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International Olympic Committee medical director: ‘Threat’ of trans athletes has ‘probably been overstated’

"You have got to include all women if you possibly can," says the IOC's medical and science director, Dr. Richard Budgett.

By Alastair James

Words: Will Stroude; picture: Pixabay (right)

One of the International Olympic Committee’s (IOC) most senior medical figures says the so-called “threat” of trans women competing at the Olympic Games has “probably been overstated”.

The IOC’s Medical and Scientific Director Dr. Richard Budgett, has reportedly said that while the IOC believed that the rules governing the inclusion of trans athletes needed updating – and that a new framework could be expected within two months – the “important thing to remember is that trans women are women”.

“You have got to include all women if you possibly can”

The Guardian reports that Dr Budgett – himself a former Olympic rower who won gold in coxed four the 1984 Games in Los Angeles – has said new guidelines would focus on safety and fairness in sport, while maintaining that inclusion is also important.

His comments came just days before New Zealand weightlifter Laurel Hubbard was set to become the first trans woman to compete at an Olympic Games on Monday (2 August).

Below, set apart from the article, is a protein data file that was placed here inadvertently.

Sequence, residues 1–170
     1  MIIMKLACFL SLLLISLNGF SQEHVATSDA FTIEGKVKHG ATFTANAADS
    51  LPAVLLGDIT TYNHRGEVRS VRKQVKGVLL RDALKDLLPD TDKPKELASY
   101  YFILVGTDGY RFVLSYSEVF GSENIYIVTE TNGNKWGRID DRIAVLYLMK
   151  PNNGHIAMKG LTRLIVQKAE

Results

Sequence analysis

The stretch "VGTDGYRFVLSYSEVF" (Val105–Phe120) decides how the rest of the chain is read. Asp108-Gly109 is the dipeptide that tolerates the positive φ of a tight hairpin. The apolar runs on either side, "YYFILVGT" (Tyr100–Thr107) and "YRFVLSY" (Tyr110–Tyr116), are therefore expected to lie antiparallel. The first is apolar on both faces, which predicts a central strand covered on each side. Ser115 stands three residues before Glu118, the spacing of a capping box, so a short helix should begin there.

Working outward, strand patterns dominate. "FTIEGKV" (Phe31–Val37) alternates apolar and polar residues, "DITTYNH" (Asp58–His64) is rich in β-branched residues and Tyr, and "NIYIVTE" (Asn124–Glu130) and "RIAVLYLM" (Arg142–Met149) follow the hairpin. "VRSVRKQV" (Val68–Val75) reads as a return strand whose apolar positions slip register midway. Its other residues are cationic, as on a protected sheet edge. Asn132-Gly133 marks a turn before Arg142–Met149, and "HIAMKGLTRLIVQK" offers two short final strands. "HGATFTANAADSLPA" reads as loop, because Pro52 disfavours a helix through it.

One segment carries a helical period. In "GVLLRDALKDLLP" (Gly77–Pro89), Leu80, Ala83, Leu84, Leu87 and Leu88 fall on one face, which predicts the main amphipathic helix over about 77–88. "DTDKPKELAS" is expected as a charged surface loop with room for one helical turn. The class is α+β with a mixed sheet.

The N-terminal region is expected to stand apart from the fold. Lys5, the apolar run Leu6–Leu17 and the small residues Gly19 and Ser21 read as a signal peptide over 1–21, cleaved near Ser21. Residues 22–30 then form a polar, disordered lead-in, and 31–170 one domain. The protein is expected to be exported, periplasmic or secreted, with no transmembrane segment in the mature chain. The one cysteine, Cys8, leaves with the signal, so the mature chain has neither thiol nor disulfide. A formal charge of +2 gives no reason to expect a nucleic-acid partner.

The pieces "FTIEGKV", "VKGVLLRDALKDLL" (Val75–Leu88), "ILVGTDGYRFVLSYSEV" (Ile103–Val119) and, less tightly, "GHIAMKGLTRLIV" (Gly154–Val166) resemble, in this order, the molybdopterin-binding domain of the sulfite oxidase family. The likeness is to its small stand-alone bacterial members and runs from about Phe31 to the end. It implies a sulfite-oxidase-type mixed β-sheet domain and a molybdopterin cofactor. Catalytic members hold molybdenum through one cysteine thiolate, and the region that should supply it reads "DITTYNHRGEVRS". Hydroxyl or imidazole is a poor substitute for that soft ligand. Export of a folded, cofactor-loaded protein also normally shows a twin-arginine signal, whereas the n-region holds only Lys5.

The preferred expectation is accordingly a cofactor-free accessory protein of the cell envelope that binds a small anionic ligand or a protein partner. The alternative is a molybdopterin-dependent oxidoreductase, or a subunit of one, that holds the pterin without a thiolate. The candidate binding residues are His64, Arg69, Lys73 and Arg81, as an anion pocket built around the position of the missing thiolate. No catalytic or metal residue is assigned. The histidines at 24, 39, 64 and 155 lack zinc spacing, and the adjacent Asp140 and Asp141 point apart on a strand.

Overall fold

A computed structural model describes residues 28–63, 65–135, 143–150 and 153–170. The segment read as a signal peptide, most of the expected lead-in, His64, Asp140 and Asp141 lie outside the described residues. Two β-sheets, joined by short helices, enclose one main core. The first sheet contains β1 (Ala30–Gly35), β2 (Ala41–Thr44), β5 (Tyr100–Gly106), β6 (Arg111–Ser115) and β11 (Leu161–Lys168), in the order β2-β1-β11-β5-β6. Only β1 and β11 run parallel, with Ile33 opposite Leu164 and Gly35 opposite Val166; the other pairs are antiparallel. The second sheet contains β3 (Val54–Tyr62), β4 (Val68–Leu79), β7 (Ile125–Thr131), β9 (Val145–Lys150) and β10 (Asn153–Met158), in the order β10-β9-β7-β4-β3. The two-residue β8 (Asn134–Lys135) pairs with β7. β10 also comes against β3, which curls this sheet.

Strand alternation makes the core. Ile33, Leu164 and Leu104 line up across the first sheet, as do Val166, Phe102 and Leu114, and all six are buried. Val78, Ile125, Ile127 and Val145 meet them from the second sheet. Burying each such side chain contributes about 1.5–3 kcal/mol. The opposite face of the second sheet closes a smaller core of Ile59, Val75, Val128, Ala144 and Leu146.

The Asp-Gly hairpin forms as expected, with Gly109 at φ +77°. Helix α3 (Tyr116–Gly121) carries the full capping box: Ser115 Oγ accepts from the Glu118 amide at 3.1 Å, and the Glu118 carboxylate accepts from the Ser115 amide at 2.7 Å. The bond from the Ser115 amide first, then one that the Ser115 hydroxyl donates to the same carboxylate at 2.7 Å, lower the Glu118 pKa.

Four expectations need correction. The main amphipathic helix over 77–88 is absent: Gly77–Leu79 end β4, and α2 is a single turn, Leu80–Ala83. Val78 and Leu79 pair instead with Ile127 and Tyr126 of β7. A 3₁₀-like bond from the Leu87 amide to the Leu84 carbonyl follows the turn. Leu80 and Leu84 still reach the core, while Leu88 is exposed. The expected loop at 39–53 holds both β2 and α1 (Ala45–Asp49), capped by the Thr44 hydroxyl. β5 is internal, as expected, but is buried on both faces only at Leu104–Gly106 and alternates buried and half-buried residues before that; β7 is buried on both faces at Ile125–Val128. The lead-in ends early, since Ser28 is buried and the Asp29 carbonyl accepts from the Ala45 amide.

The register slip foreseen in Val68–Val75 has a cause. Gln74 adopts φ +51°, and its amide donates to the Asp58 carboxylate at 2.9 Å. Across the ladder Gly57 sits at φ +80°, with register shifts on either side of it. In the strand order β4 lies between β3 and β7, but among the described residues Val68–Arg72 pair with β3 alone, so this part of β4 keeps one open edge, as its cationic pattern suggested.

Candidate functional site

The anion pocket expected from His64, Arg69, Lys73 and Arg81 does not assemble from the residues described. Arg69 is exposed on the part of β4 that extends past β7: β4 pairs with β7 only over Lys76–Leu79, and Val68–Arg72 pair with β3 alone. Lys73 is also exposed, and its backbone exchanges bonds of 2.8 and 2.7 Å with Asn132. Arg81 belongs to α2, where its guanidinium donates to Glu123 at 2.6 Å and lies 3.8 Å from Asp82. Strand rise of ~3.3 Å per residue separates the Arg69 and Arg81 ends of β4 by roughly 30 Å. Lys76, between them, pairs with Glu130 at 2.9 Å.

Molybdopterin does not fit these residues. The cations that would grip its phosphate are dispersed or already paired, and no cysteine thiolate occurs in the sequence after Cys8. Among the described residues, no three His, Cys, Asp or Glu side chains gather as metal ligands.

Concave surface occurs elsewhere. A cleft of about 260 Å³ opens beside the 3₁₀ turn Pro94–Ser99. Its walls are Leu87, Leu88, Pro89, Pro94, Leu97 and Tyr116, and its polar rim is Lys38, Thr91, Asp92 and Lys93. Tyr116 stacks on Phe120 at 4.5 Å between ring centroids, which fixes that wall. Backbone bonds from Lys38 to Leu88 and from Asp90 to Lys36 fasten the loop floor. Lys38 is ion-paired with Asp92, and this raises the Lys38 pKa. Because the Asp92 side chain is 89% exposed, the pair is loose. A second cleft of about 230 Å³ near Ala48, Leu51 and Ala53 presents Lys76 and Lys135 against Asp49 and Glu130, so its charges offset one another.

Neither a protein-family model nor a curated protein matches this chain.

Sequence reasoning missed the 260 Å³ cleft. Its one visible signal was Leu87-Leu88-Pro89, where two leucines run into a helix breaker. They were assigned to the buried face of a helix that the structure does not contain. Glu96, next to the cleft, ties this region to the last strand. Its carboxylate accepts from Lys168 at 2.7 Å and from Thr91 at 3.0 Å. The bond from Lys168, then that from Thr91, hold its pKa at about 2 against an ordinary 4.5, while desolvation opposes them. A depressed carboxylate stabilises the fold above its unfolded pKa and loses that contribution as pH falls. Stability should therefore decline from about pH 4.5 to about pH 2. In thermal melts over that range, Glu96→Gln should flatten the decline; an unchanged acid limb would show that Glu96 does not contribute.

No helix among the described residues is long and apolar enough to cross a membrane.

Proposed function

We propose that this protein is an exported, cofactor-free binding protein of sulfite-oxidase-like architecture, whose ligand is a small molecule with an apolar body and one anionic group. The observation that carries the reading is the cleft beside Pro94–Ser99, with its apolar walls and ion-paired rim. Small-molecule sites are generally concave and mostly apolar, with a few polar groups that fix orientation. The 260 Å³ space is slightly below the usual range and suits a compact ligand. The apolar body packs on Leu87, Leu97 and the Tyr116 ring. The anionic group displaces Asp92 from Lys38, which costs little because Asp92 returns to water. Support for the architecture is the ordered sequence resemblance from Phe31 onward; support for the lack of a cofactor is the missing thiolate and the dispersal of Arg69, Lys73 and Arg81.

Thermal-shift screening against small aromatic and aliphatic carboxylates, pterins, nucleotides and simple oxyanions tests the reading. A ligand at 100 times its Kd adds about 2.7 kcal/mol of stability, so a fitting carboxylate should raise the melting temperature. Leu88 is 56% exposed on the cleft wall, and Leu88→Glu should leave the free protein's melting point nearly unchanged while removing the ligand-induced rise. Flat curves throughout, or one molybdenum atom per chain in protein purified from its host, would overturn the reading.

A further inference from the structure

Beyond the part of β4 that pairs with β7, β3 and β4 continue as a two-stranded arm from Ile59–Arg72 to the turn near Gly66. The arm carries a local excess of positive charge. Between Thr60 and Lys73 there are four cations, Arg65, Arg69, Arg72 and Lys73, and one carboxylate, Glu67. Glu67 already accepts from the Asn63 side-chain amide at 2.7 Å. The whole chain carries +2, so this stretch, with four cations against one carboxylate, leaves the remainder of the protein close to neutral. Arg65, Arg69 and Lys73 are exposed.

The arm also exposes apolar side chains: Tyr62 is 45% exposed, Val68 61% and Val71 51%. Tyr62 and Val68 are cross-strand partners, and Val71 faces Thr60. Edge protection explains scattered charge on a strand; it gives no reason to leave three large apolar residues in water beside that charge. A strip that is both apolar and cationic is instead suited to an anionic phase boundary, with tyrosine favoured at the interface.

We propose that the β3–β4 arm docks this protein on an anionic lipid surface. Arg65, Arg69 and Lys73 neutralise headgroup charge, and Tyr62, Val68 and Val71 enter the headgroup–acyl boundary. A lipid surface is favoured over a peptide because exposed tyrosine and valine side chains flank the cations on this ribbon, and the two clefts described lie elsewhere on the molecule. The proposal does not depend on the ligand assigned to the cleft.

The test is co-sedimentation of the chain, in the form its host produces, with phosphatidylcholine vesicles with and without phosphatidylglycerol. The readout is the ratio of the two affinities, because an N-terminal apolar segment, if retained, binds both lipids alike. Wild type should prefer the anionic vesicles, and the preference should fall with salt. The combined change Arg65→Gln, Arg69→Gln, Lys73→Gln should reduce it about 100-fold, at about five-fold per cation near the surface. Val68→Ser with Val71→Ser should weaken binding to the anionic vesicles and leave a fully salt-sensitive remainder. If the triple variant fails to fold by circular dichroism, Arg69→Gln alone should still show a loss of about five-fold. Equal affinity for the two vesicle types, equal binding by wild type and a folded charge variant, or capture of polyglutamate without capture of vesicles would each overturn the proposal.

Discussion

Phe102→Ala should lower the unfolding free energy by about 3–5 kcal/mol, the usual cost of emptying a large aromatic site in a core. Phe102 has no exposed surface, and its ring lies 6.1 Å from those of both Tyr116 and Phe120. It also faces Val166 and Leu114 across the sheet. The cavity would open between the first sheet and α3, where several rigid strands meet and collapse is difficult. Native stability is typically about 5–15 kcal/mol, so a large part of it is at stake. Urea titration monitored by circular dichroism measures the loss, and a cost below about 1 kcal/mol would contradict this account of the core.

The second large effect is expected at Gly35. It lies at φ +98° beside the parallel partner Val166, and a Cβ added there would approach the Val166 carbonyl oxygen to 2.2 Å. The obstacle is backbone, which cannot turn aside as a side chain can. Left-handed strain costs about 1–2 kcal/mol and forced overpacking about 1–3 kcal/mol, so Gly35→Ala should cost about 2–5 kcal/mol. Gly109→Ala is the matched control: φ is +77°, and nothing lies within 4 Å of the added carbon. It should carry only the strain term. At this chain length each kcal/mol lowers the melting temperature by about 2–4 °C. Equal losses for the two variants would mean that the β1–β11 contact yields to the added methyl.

Hubbard’s inclusion in the Olympics in the women’s weightlifting 87Kg category was announced in June and is allowed due to a change in the IOC’s guidelines in 2015, which stipulated that athletes with testosterone levels below 10 nanomoles per litre for 12 months were allowed to compete.

Hubbard met this criterion, with New Zealand Prime Minister, Jacinda Ardern, stating that “all parties have simply followed the rules.” 

Despite this, Hubbard’s inclusion has been contested, with many arguing that it’s unfair to allow someone who has gone through male puberty to compete in a women’s category. 

On Friday (30 July) Dr Budgett said that rules might need to be updated, but that safety and fairness had to be balanced with the sporting principle of inclusion.

“At the time the 10 nanomoles per litre was set because we thought that was the lower level for men”, Dr Budgett said. “We know now that they go down to seven and women can be higher as well. Agreeing on another number is almost impossible and possibly irrelevant. You can debate that endlessly.”

The former chief medical officer for London 2021 suggested that it would be up to individual sports to set their own rules, explaining: “If you don’t want to take any risks at all that anyone might have an advantage, then you just stop everybody.

“If you are prepared to extrapolate from the evidence there is, and consider the fact there have been no openly transgender women at the top level until now, I think the threat to women’s sport has probably been overstated.”

He added: “The other important thing to remember is that trans women are women. You have got to include all women if you possibly can.”